Video Storytelling in Social Media Marketing

Video Storytelling in Social Media Marketing

http://www.socialmediaexaminer.com/video-storytelling/

#1: Post Stories From Your Customers

#2: Create a Fictional Series

#3: Tell Personal Stories

#4: Shoot Documentary-Style Video

#5: Interview Guests

#6: Take Viewers Behind the Scenes

#7: Create Animated Stories

#8: Show Viewers How to Do Something

Other Stories to Tell With Video

There are a lot of interesting ways to integrate storytelling into your social videos. In addition to those featured above, here are some other stories that are well suited for video:

  • Create a single video or a series of videos to highlight humorous situations related to your business or industry.
  • If your company’s beginnings would make an interesting story, have the founder tell that story on video.
  • Are your employees involved in interesting activities or challenges? Consider featuring those stories in your social videos.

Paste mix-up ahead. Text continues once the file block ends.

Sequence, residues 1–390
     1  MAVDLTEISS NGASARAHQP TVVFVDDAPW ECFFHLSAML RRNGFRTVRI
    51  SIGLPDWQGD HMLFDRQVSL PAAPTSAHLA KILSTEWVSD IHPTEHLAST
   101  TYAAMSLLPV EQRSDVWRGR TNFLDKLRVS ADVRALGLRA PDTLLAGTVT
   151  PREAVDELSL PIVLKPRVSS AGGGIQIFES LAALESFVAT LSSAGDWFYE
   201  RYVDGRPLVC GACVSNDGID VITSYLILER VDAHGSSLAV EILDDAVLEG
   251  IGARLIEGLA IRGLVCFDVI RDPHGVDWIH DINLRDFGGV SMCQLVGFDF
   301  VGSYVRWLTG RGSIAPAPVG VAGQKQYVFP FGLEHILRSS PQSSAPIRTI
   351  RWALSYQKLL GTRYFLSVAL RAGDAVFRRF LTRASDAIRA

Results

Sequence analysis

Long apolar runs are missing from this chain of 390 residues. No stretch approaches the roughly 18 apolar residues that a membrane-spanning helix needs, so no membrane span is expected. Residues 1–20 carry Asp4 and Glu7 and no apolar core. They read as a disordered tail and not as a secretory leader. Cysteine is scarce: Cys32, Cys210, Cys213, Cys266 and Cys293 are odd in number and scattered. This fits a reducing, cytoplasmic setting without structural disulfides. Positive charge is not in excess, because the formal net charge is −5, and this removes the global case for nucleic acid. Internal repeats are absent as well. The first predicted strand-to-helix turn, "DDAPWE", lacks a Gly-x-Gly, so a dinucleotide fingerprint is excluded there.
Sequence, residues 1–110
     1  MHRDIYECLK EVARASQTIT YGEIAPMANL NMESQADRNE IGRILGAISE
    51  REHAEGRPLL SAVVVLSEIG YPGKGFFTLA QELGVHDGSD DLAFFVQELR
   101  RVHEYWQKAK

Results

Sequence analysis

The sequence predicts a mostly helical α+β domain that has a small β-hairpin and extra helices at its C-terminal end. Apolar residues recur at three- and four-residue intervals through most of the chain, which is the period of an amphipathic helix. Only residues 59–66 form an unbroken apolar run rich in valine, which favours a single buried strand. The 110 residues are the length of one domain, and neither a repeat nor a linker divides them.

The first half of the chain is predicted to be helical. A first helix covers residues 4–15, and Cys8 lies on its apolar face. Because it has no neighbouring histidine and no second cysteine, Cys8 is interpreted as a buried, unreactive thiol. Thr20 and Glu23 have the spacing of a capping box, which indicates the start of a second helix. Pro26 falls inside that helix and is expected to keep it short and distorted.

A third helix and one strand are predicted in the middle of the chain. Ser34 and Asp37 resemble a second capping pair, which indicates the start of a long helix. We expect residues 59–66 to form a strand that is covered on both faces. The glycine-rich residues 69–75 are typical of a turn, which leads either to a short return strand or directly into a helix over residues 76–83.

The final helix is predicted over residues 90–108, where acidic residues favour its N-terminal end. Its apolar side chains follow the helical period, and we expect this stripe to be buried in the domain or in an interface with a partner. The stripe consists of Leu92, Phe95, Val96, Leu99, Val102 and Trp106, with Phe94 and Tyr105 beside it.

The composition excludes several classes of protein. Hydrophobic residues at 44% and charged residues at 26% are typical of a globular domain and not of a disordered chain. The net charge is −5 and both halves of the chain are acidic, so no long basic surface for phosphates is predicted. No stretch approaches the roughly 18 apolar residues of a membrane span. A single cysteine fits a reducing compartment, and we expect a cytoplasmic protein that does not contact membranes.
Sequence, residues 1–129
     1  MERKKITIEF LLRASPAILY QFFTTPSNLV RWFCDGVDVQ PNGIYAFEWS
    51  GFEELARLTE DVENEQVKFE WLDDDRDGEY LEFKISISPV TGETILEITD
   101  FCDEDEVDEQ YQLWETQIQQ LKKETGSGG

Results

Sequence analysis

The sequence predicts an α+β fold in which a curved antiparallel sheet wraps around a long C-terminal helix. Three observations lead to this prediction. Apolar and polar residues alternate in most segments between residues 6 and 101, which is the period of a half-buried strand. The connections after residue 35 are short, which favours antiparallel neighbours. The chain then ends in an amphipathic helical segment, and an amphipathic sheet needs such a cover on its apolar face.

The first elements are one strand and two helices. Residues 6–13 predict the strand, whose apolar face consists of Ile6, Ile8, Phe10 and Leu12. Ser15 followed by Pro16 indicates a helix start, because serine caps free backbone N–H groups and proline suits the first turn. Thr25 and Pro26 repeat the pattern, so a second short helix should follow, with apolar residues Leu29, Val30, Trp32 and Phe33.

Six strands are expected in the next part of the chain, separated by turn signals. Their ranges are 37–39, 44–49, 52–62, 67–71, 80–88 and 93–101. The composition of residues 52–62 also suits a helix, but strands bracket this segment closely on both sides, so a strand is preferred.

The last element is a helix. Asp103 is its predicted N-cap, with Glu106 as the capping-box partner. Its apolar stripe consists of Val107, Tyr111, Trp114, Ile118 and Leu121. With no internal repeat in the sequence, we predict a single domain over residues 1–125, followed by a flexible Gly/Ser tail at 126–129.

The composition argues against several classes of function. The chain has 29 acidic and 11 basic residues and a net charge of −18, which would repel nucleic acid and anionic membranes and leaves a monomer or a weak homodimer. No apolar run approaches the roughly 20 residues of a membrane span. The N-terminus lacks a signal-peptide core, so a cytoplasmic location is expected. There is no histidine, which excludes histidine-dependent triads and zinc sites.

• Tell a fictional but realistic story on video to educate viewers about your industry.
  • Find a way to combine reality TV–style video with something relevant to your audience.

Enabling BYOD

Enabling Bring Your Own Device

white paper by the Cisco

To help improve understanding of BYOD and its impacts on modern network environments, this white paper will further explore the many differences that exist between corporate and educational approaches to the technology.

In the education space, dealing with non-standard, user-managed devices has been and still remains the norm. Unfortunately, the variety of devices means a multitude of operating systems and software are encountered, with many “standards” being defined. As a result there is little consistency in the device type or the software being installed. Since the device is owned by the student and is a personal resource, it is often difficult or impossible to enforce a policy that prevents users from installing software. In addition, due to the nature of learning as opposed to a corporate environment, it is also difficult to put a restriction on certain classes of software since all may provide a worthwhile educational purpose.

providing a solution that unifies management and deployment polices across both wired and wireless devices is very desirable.